Magazine

The Critic


Travel enthusiast Andrew Harper has spent 25 years ferreting out the best and worst in luxury travel for readers of his monthly Hideaway Report (www.andrewharpertravel.com). Harper, who uses this pseudonym in his writing so he won't be recognized at the places he reviews, recently spoke with Associate Editor Diane Brady about his experiences on the road.

Why did you start the Hideaway Report?

I came up with the name when my wife and I were at yet another disappointing destination -- something we had read about that wasn't at all like the description. It made me think there must be a market out there for a publication that covers peaceful and unspoiled places, but mentions the good things and the warts, too. I travel under my real name and pay the same rate as everyone else. We accept no advertising. It works. I never thought honesty would be such an unusual trait.

Who is your typical customer?

Over 93% are 45 to 65, and they tend to be successful. But most of them have earned their wealth rather than inherited it, so they know the value of a dollar. They want to go to places that are a bit out of the way. Like me, they cannot stand hotels that drop celebrity names. The fact that Ben Affleck stayed at a hotel does not make it great. More than anything else, they're looking for personal service. That's the heart and soul of a hotel.

How has the travel landscape changed over the past 25 years?

People today are far more adventurous than they used to be, in part because there are more boutique hotels in exotic locations. One of the pioneers of that was Adrian Zecha with Amanresorts in Asia. Oberoi Hotels has done the same thing in opening up India, one of the last great frontiers. Like Aman, they have a wonderful sense of place. It's not like the old Ritz-Carltons, where you would see the 18th and 19th-century equestrian prints no matter where you were. The world is opening up, and more people have the disposable income to travel.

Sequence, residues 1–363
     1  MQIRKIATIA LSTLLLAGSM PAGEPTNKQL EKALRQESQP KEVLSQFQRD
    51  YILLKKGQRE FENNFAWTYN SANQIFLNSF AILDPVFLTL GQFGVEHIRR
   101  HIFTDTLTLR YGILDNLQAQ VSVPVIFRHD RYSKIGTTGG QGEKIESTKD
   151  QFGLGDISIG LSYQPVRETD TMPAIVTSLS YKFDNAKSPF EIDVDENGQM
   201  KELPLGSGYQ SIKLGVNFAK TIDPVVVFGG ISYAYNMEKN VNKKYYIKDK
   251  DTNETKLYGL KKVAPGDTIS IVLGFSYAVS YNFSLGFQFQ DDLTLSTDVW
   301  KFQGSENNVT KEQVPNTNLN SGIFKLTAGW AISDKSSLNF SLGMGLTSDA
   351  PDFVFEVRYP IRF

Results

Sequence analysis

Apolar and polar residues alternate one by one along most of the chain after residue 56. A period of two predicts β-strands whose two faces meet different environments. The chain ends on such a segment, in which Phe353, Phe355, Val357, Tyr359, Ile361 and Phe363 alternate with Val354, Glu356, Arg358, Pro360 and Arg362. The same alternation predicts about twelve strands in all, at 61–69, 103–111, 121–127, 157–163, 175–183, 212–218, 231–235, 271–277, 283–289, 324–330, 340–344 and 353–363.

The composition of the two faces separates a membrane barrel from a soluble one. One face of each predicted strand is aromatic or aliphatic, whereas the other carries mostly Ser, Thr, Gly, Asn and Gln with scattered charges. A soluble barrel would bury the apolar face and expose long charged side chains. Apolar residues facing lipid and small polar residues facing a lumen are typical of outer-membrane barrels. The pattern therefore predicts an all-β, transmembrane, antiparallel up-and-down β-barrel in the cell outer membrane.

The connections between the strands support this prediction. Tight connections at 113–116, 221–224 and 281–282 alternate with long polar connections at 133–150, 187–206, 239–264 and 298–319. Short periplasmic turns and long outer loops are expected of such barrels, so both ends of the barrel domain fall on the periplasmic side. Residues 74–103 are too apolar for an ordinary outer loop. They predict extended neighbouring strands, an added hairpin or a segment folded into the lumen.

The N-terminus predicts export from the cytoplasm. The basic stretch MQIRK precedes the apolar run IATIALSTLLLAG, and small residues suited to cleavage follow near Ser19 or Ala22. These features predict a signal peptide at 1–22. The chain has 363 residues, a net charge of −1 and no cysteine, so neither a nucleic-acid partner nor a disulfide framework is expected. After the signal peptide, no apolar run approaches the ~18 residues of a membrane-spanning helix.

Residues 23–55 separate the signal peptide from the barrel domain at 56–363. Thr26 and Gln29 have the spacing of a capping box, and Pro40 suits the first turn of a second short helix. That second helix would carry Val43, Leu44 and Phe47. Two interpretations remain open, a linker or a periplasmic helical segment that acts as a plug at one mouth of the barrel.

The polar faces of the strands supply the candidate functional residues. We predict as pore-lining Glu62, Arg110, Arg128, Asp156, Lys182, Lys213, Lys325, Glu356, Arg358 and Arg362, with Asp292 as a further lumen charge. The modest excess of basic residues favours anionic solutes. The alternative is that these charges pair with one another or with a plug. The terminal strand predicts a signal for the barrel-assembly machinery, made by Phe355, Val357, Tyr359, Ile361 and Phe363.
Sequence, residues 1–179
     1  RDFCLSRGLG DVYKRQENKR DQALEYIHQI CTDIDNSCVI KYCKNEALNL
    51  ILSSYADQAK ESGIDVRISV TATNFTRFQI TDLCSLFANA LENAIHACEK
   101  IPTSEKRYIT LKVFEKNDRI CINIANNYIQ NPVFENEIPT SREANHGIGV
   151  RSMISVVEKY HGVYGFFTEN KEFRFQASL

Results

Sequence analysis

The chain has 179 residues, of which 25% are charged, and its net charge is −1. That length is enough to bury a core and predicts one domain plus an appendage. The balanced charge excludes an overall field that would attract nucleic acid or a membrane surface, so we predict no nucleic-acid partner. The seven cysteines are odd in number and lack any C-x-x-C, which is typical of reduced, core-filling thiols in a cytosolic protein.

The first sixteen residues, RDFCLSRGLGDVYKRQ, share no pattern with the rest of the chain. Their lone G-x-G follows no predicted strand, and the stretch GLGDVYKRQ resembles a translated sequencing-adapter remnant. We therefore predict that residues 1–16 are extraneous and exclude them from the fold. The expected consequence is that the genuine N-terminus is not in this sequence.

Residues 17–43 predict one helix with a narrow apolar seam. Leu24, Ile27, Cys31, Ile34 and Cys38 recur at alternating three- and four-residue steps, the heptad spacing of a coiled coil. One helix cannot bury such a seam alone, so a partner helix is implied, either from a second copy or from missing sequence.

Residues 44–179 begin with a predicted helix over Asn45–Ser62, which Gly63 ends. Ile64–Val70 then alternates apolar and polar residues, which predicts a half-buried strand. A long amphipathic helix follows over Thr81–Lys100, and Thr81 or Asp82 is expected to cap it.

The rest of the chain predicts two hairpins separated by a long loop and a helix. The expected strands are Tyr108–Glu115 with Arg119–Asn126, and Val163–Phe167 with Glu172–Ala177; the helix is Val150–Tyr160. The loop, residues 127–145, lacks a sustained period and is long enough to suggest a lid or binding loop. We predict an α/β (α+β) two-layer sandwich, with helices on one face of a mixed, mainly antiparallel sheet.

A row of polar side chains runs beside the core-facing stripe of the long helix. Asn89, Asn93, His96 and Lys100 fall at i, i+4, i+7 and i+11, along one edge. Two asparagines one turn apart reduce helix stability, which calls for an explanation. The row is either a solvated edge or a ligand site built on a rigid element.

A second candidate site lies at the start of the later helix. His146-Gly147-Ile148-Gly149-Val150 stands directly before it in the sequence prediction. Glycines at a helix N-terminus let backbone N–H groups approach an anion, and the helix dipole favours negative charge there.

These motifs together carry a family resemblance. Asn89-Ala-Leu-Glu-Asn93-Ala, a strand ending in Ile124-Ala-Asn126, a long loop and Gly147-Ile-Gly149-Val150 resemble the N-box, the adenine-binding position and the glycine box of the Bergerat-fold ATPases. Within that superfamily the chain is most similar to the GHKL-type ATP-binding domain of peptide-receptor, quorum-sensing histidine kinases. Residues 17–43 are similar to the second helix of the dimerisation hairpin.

What are the consequences?

The future isn't all that bright. You're going to see more people pouring into these places. I think the world will become more homogeneous and less exotic. If you want to see a place like Costa Rica, you better do it in the next five years because development is booming.

Have some destinations improved?

Sure. Let's take Bali, which has had a lot of boutique hotels move in. It still has those wonderfully mystical highlands. The people have held on to their values. They truly believe their island is a pantheon of gods.

For me, one of life's last great adventures is an African safari. The experience is never the same and where else can you venture forth into a primitive world devoid of modern-day pretensions? I tell people to go to East Africa to experience that epic annual migration of more than a million wildebeest. The Serengeti is awesome. For something different, I would go to Botswana to the Okavango Delta area.

Which places are overrated?

Tuscany is a beautiful area but I don't think it will hold on for much longer. You do see a lot of Americans, and some people will look for quieter places. But it's all relative to the time that you're living and traveling. Where Tuscany might not be as appealing to me as it was 10 years ago, someone else who goes there for the first time might find it fabulous.

One destination that disappointed me was China. During the Cultural Revolution, Mao obliterated that country's heritage. I go to places like Hong Kong and Singapore, and I don't quite get it. I see all the stores I see back home, only there are eight of them. And Russia, aside from St. Petersburg, is really quite gloomy to me. You can see the despair and disillusionment that years of totalitarian rule have wrought. I was also disappointed in Jerusalem. Here you have a real spiritual epicenter, and there was an air of discontent.

Any bright spots?

There are so many magical places. Big EZ Lodge in Montana is truly incredible. I love colonial Mexico. The Hotel La Perla in the Dolomites of Italy is something else. In Morocco, La Gazelle d'Or is a beguiling place. What's nice is that with more money and better infrastructure, more people will experience places like Patagonia. Travel really is the best education. My advice is, if you want to see a place in the world, don't wait.


Silicon Valley State of Mind
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